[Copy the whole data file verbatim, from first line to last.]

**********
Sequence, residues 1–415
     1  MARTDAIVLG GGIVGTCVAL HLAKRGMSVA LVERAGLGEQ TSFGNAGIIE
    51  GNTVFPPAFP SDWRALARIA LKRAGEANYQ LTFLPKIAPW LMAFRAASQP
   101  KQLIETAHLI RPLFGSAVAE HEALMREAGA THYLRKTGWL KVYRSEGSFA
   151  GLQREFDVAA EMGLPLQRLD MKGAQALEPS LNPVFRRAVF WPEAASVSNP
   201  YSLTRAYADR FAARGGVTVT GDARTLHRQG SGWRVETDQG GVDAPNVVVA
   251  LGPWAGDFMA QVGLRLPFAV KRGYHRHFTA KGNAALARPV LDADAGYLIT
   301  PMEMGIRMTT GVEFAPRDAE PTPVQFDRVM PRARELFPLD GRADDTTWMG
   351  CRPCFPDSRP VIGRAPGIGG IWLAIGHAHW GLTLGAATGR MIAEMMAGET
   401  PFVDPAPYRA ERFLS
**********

Sequence, residues 1–415
     1  MARTDAIVLG GGIVGTCVAL HLAKRGMSVA LVERAGLGEQ TSFGNAGIIE
    51  GNTVFPPAFP SDWRALARIA LKRAGEANYQ LTFLPKIAPW LMAFRAASQP
   101  KQLIETAHLI RPLFGSAVAE HEALMREAGA THYLRKTGWL KVYRSEGSFA
   151  GLQREFDVAA EMGLPLQRLD MKGAQALEPS LNPVFRRAVF WPEAASVSNP
   201  YSLTRAYADR FAARGGVTVT GDARTLHRQG SGWRVETDQG GVDAPNVVVA
   251  LGPWAGDFMA QVGLRLPFAV KRGYHRHFTA KGNAALARPV LDADAGYLIT
   301  PMEMGIRMTT GVEFAPRDAE PTPVQFDRVM PRARELFPLD GRADDTTWMG
   351  CRPCFPDSRP VIGRAPGIGG IWLAIGHAHW GLTLGAATGR MIAEMMAGET
   401  PFVDPAPYRA ERFLS